Being mindful of neurodiversity when selecting employees for redundancy

Employers are reminded of the importance of ensuring they are dealing with redundancy dismissals fairly to avoid or minimise claims for unfair dismissal. Employers should understand neurodiversity in line with their legal obligations, and create a diverse, inclusive, and supportive workplace.

What is neurodiversity?

Neurodiversity refers to the unique way in which our brain functions and interprets information. Most people are ‘neurotypical’ which means that their brain functions in the way that it does for the majority of people. In the UK, it is estimated that around 1 in 7 people (more than 15% of the population) are thought to be neurodiverse. Some examples of neurodiversity are dyslexia, dyspraxia, autism and attention deficit hyperactivity disorder (ADHD).

Generally, workplaces are designed to align with the neurotypical person. This is why reasonable adjustments are needed to allow neurodivergent workers to contribute their talents, skills and perspectives in ways that can directly benefit an organisation. This also contributes towards improved productivity and performance.

Selection criteria 

If a redundancy selection process is necessary, employers must establish a proposed set of objective selection criteria. This includes appropriate weightings reflecting their relative importance, but any such weightings must be justified. The fairness of any dismissal for redundancy is underpinned by adopting a fair basis on which to select.

For the Tribunal to consider the redundancy selection criteria reasonable, it should, as far as possible, be both objective and capable of independent verification (measurable) and should be discussed with the union (if one is recognised). Potentially fair selection criteria include performance and ability, length of service, attendance records and disciplinary records.

Employers must ensure the selection criteria does not discriminate against employees either directly and/or indirectly on any of the protected characteristics specified under the Equality Act 2010.

What happened in a recent case?

This case concerned an employee who worked for a well-known retailer for some 22 years before she was dismissed by reason of redundancy. The claimant was held to have been selected for redundancy because of making errors in her work, not completing work accurately on time, her communications feeling rushed and struggling to balance workload all of which were a result of her dyslexia.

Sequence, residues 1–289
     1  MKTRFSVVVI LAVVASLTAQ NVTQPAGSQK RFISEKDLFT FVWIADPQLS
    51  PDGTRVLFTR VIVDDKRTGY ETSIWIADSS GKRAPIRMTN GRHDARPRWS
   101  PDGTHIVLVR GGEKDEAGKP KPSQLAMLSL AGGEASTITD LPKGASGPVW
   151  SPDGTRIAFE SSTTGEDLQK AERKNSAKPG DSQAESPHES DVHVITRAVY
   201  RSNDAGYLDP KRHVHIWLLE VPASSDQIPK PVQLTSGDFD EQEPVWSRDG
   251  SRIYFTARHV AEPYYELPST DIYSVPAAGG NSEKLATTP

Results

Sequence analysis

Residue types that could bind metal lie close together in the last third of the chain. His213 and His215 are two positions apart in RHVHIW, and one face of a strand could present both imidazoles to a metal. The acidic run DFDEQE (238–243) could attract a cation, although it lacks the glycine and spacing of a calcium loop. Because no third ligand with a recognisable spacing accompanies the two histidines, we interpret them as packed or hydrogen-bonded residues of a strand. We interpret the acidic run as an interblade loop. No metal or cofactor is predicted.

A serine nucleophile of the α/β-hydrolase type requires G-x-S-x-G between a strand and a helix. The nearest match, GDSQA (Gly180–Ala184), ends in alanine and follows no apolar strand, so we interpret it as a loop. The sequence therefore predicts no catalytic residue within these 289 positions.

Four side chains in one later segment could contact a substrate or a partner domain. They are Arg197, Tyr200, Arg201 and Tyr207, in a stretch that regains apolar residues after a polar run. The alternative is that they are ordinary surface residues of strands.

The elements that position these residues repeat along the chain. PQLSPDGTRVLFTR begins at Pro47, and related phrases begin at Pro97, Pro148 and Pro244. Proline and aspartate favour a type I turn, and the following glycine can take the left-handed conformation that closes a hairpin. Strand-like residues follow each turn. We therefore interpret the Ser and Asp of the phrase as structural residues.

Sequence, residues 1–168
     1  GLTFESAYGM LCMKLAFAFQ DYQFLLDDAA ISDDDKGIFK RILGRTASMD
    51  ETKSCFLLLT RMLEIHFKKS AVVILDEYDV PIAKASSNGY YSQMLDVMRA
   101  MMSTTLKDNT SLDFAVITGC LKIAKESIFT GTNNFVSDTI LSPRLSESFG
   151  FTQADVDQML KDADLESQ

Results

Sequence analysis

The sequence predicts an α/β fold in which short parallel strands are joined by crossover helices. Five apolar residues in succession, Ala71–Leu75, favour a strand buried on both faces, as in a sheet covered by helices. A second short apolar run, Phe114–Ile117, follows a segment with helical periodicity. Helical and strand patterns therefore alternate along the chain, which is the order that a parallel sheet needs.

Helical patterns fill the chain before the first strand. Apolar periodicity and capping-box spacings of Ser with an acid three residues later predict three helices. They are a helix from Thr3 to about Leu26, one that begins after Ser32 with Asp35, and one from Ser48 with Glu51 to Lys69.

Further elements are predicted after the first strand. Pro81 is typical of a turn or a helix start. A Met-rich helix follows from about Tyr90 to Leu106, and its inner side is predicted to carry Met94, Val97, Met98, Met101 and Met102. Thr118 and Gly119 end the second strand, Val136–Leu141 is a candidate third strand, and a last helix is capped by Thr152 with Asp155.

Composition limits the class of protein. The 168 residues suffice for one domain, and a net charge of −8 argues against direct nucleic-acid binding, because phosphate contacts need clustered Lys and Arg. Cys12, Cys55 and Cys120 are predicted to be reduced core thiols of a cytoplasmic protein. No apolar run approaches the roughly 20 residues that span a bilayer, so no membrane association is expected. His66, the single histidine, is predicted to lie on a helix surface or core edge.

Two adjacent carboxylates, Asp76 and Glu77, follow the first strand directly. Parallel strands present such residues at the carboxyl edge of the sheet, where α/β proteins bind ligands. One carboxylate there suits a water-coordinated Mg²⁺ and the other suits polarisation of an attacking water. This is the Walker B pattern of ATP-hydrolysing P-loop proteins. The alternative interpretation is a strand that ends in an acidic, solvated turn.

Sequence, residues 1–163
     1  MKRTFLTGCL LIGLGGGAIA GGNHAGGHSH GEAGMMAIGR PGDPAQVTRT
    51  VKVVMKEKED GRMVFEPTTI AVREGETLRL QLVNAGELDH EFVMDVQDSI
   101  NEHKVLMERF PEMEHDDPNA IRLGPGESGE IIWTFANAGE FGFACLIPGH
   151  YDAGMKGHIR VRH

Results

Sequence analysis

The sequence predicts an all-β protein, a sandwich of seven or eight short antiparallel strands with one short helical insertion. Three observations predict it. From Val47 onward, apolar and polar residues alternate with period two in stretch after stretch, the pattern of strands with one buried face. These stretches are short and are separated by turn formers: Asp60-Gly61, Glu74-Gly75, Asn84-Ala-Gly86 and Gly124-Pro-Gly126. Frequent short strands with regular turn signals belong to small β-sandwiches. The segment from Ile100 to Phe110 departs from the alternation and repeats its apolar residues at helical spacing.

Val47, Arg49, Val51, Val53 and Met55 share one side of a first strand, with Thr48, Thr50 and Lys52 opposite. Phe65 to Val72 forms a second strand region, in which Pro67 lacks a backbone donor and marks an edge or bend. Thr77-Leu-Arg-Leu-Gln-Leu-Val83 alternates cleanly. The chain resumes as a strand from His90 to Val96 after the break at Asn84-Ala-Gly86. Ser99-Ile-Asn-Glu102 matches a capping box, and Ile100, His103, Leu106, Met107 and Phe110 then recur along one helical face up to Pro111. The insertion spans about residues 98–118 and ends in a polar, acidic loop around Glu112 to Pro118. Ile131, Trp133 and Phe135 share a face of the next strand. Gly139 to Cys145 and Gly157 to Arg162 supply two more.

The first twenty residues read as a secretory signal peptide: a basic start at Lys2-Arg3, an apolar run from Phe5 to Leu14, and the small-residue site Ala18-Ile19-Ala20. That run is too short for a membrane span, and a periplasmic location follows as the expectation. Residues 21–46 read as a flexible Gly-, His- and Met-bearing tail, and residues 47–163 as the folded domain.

The Tribunal found that the retailer discriminated unlawfully against the claimant, and they should have discounted the effects of the claimant’s disability in her redundancy assessment. Had they done this, they could have retained the best talent as determined following a fair and consistent process.

The retailer’s assumption, without any investigation, that the claimant was either lying or mistaken about the link with her Dyslexia was criticised by the Tribunal. They also held that:

The Respondent’s failure either to accept what the Claimant was saying or seek expert opinion on it was unfair and gave rise to an appearance of closed minds and a bias against the Claimant.

The claimant was awarded over £50,000 and her claim for unfair dismissal was upheld, a costly consequence to the business.

Ways to prevent these types of claims:

  • When applying redundancy selection criteria, employers should be well advised (by way of an occupational health assessment or a letter from the employee’s doctor) to consider whether any of the employees who are to be placed in the redundancy pool have disabilities. For employees with disabilities, employers must ensure that reasonable adjustments are considered, and any disability-related effects are discounted.  
  • Action any requests for reasonable adjustments in accordance with ACAS Guidelines and consider getting medical advice if you need assistance with determining which adjustments should be implemented. 
  • Raise performance issues promptly and where such concerns are found to be impacted as a result of a disability, reasonable adjustments should be made.  
  • Implement robust equal opportunities and diversity, equity and inclusion policies and procedures to outline your organisations expectations.  
  • Provide regular equality and diversity training to all employees, including management/senior leadership and educate on the relevant policies and procedures.  
  • If a complaint is raised by an employee, ensure they are actioned promptly and in strict accordance with the ACAS Code of Practice on Disciplinary and Grievance Procedures.  

If you are unsure about the redundancy criteria you are implementing, or about the process, our employment team can assist/manage the process for you.

Capital Law Employment Investigations

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